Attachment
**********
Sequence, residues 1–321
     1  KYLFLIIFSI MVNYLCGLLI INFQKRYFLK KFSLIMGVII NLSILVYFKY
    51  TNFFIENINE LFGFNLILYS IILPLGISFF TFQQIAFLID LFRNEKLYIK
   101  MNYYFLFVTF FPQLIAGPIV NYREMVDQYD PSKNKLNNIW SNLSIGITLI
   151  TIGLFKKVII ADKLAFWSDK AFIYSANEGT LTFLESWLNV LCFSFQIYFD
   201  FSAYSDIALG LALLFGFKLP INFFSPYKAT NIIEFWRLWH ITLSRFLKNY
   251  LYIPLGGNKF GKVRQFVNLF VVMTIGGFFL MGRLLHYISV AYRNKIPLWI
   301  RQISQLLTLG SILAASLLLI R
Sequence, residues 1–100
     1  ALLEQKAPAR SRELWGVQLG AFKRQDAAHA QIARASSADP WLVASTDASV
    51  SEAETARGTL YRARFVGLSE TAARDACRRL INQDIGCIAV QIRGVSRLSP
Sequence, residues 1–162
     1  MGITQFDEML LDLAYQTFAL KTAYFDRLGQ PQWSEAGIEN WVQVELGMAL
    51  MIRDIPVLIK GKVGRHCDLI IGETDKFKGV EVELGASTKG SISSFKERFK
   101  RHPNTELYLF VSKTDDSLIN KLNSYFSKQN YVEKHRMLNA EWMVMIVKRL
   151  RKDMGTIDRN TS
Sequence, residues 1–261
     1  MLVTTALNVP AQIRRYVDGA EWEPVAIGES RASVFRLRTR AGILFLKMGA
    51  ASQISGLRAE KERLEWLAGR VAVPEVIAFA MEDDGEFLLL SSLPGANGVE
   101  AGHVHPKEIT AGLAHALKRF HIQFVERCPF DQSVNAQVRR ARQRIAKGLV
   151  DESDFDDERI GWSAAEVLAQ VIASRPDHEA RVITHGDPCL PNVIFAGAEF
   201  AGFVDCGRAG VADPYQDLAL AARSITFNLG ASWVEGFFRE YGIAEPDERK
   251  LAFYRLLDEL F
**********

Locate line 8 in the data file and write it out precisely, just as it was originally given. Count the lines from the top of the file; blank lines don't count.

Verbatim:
   301  RQISQLLTLG SILAASLLLI R